RALEIGH, NC (WTVD) – Wake County held its first community meeting Tuesday to begin gathering input on how best to combat the opioid epidemic.
The county is set to receive $35 million over the next 18 years from the National Opioid Settlement Fund.
“The opioid epidemic affects so many families, and even if your family hasn’t dealt with addiction, I’m sure you know a family that has,” said Sig Hutchinson, chairman of the Wake County Board of Commissioners. “For all of these reasons and more, it’s important that residents can weigh in on how best to use these funds to help individuals and families in our community.”
Nearly 200 people died of overdoses in Wake County last year, and 1,000 emergency room visits were related to overdoses. The county reported a higher rate of naloxone overdose reversals last year than the national average.
About 28,000 North Carolinians died of drug overdoses between 2000 and 2020, according to the North Carolina Department of Health and Human Services (NCDHHS). According to the NCDHHS, in 2020, about nine people died a day from drug overdoses.
Tuesday’s meeting brought together more than 250 leaders, health professionals and community members to discuss ways to reduce these statistics. Participants emphasized the need to reduce barriers to treatment, reduce stigma and increase the number of beds in the county.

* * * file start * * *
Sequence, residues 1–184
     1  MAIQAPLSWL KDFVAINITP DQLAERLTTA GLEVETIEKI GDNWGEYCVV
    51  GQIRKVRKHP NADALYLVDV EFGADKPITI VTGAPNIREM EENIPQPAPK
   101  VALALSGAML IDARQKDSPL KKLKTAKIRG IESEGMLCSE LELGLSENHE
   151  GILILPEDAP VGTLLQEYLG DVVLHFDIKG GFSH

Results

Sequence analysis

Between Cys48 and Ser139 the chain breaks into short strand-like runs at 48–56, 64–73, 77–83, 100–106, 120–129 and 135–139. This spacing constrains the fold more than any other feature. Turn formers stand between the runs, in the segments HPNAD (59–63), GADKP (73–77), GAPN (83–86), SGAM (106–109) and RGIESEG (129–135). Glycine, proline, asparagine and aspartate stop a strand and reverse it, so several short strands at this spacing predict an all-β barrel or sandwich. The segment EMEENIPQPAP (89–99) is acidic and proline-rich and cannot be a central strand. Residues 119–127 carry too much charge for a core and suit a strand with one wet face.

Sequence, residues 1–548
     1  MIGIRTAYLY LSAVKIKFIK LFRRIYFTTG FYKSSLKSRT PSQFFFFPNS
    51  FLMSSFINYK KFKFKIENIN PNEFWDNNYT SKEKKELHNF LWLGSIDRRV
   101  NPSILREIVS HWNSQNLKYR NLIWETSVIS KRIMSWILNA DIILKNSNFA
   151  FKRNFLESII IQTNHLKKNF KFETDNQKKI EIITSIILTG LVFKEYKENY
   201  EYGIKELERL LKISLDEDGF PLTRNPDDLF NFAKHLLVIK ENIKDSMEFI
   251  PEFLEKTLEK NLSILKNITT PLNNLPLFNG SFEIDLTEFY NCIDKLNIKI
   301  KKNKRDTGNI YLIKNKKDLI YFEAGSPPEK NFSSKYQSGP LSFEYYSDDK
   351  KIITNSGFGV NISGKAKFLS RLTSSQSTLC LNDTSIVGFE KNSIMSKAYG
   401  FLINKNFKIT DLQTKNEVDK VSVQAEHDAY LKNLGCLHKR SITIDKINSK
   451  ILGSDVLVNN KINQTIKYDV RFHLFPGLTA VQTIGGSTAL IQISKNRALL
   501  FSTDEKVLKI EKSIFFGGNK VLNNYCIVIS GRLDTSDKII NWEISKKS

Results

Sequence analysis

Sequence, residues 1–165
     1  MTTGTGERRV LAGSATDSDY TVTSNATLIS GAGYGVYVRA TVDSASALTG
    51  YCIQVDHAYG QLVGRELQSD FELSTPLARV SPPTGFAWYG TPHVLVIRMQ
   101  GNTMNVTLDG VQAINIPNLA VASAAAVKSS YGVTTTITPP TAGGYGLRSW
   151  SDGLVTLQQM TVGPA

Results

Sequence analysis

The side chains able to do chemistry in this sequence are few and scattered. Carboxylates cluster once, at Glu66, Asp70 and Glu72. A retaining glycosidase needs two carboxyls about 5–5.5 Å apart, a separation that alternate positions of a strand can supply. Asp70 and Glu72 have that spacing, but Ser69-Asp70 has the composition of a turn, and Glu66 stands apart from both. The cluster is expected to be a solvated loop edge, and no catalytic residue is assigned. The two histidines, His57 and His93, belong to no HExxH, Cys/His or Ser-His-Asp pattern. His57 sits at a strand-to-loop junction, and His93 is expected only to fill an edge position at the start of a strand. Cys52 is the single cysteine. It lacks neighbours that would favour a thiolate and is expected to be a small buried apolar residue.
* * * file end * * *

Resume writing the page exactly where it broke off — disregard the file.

Megan Peavy with Recovery Communities of North Carolina said she saw some of the county’s needs firsthand while suffering from substance use disorder for a decade.
“I think there are a lot of gaps. There are a lot of gaps between treatment providers that cost money, people who are uninsured, underinsured, unemployed, homeless, access to harm reduction, harm reduction services — a lot of work needs to be done, Peavey said.
She said adding those federal dollars worries her, but it’s important to fund the right things so it can make a real difference in people’s lives.
Peavy said she would like to see more money go to overdose response teams and providing people with safe places to stay.
Some other strategies the county is considering include recovery support services, overdose response teams, addiction treatment for incarcerated people, and evidence-based addiction treatment.
“That’s what’s so interesting about our work today, we have a whole set of ideas,” Hutchinson said.
The county plans to launch an online survey to further gather input on how to prioritize strategies.
The results of the study, along with research conducted by the Wake County Overdose Task Force, will help develop the county’s guidelines.
Next month, Wake County commissioners will make final decisions about which strategies will receive funding.
National Opioid Settlerst distributes a total of $26 billion across the country.
For more information on Wake County’s progress and efforts, Click here.
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Wake County seeks help to best spend $35 million to fight opioid epidemic
Source link Wake County seeks help to best spend $35 million to fight opioid epidemic